Antigua again

Paul Huntley
Sun 5 Apr 2009 01:35

17:03N 61:53W     Antigua Saturday 5th April 2009.


Hi to all you at home, First of all I would like to send our best wishes to Chris Cook and I hope he is recovering from the operation well and will soon be home with Pat and Emily. I would love to get an e-mail from you when you feel strong enough.

As can be seen we are back in Antigua to see Tim on his way home after five weeks of sailing Libertad in the Caribbean and adding another seven hundred miles to his already impressive log of twelve hundred miles from Falmouth to Lagos in Portugal last year, thanks for all your help we are missing you already, you’re the best!

Corrie and Emily flew in to Antigua last Saturday afternoon; the crew had been slaving away cleaning the boat in readiness for their arrival. Although a little late they landed safely and we whisked them away to Jolly harbour and dinner ashore to celebrate. Jet lag was having an effect and they rolled in to the bunks by 10:00 pm.

We had been busy doing some repairs and serviced both the generator and main engine whilst we were in striking distance of a chandelry.We decided to give them a rest day on Sunday before sailing for Nevis and St Kitts on Monday. The downwind passage of 50 miles with a northerly swell gave some the opportunity to revisit their breakfast and others to catch up on some sleep and get their sea legs.

We picked up a mooring off the capital on Charlestown on the leeward side of the island, arriving too late to clear customs and immigration we took the dinghy ashore to explore the beach. We discovered that the Four Seasons resort on Pinney's beach had been badly hit by a hurricane in October 2008 closing down this magical resort until extensive repairs can be made.

The following morning I spent a happy hour scraping bread dough from the air filter after Sarah and Corrie had been attempting to prove the bread on top of the engine prior to baking, not being the best start to the day I then went ashore to clear customs and immigration . The customs office is conveniently situated on the dock in Charlestown and completing the obligatory forms in triplicate I was told that I then had to go to the Police station to clear immigration, after a short mile walk through this capital I entered the main entrance and asked he desk sergeant for the form to complete in triplicate. I was in a crowded front office with people jostling for attention and two very subdued prisoners in hand cuffs waiting for the Magistrates to determined their fate, One had brought his mother with him, I assume as a character witness or just for support, unfortunately she spent most of the time wailing and beating her chest, she maybe new more of her sons fate than the prisoner. After an hour I walked back to town to find the port authority office to pay harbour dues and a green tax to help with a recycling campaign. I then had to return to the Customs office to collect the clearance papers. This operation has to be completed in reverse when leaving so time for sightseeing is limited.

Returning to Libertad after two and a half hours the crew were restless to get ashore, Tim Emily Sarah and Ewan opting for a walk along the beach, Corrie and I decided to take Nicholas and his Taxi for an island tour visiting the famous Montpelier Hotel, and old plantation house set high up in the rain forest overlooking the sea. We were told that Lady Diana the Princess of Wales was a guest at one time, with that reccomendation we decide to invest in a morning coffee at $20 a throw, we savoured each sip, enjoying this $500 a night luxury.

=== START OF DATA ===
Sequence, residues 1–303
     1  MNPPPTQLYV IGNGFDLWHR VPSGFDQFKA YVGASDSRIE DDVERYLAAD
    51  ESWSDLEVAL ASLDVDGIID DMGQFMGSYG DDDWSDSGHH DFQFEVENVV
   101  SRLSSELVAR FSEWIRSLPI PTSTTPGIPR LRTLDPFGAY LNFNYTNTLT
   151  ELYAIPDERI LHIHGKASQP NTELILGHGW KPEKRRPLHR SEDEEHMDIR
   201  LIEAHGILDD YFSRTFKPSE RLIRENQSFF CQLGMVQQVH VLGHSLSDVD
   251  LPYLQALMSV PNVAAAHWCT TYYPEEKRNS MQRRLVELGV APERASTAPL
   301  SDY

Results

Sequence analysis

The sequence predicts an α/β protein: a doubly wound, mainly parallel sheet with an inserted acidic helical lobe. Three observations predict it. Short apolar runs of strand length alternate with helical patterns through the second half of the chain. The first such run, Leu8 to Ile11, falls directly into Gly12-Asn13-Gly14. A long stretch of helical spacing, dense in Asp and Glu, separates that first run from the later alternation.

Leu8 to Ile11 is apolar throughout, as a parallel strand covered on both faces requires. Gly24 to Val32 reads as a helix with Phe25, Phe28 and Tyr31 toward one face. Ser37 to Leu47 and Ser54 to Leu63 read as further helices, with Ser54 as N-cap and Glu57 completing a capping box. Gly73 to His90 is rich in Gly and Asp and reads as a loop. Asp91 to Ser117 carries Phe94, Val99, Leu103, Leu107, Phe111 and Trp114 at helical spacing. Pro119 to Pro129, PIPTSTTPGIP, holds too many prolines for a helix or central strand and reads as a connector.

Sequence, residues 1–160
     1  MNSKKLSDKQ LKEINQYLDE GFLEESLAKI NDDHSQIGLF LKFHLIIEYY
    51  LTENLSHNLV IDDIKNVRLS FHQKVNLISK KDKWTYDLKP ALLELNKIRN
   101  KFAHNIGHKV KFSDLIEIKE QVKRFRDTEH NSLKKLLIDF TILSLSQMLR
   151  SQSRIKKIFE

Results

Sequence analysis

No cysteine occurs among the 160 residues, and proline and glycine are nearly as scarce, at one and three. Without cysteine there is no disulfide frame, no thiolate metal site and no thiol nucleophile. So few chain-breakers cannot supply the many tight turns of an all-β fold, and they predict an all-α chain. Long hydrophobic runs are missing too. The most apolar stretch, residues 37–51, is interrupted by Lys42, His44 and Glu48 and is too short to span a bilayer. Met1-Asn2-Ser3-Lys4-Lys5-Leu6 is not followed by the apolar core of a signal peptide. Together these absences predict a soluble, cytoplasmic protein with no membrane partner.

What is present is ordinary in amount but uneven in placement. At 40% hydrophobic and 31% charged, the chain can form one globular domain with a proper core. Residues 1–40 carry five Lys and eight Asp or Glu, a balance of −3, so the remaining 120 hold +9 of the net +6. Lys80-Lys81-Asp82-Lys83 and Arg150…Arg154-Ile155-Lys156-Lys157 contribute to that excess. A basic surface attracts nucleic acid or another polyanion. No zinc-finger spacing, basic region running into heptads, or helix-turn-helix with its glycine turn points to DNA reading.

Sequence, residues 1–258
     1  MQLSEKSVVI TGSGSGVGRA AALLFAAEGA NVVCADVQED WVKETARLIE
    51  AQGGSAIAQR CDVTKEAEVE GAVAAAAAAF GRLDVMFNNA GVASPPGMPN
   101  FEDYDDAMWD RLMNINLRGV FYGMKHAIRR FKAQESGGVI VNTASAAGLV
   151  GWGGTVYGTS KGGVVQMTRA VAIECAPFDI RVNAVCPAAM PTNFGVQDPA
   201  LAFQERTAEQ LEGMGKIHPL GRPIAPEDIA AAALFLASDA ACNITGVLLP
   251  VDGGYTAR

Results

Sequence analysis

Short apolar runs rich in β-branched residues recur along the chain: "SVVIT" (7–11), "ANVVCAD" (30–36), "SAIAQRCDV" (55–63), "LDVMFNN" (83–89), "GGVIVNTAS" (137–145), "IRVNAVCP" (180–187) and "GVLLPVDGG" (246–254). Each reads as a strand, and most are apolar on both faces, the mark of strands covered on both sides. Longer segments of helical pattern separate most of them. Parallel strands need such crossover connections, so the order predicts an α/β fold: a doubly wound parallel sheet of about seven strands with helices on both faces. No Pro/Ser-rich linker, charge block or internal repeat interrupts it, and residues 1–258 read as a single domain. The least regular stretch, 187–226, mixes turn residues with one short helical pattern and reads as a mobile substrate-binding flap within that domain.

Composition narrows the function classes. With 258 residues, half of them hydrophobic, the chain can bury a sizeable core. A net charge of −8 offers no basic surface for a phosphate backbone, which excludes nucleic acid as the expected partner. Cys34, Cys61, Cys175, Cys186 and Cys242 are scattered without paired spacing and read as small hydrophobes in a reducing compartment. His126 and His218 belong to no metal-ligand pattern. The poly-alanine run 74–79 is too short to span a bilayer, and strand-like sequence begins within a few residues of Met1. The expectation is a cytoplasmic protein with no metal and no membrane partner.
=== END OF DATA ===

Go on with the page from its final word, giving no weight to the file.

It was a half day holiday due to the local schools having a sports day so finding a restaurant for lunch was a challenge. We returned to the boat for a cup of tea and a rest, spotting a turtle slowly swimming by from the cockpit. The rest of the crew came back an hour or so later and were collected from the beach. After a Lasagne dinner we headed for the bunks to read. Tim and Ewan preferring to watch a film (Pirates urrrrrrah) in the T.V. the title doesn’t really describe the true nature of this block BUSTER. 

We let go the following morning by seven and headed south to return to Antigua, with wind on the nose we had been motor sailing until the engine died on us and despite my best efforts at bleeding the system ( that’s a technical term not an abuse) it refused to start ,so we decided to set genoa and test our windward sailing skills, tacking back and forth for the next six hours to round up in to Jolly Harbour Bay and request a tow to an alongside berth from the dock master. I had text John and Jackie on Ula knowing they were in port, not surprisingly John came out in the dinghy with the dock master and the rest of his crew waited patiently for us to come alongside and take our lines, thanks guys, Talking of Ula and her crew, they flew back to the U, K. today leaving a pristine Ula to the delivery crew to return to Portsmouth for the middle of June. We have had some great sailing since meeting up with John and Jackie in Falmouth all those month ago, we will miss your company and friendship but look forward to seeing you in Sovereign harbour later in the year.

Ewan is cooking dinner tonight and it smells great (Chicken stir fry) we intend to sail in the morning for Montserrat, yes the island with an active volcano, and then work our way north to St Kitts’s Martin, Anguilla and Tortola in the British Virgins. Corrie and Emily will fly out on the 16th April to Antigua and the U.K.

We will keep you posted as often as possible with the voyage north.


Regards and love to all Paul, Corrie, Sarah, Emily and Ewan.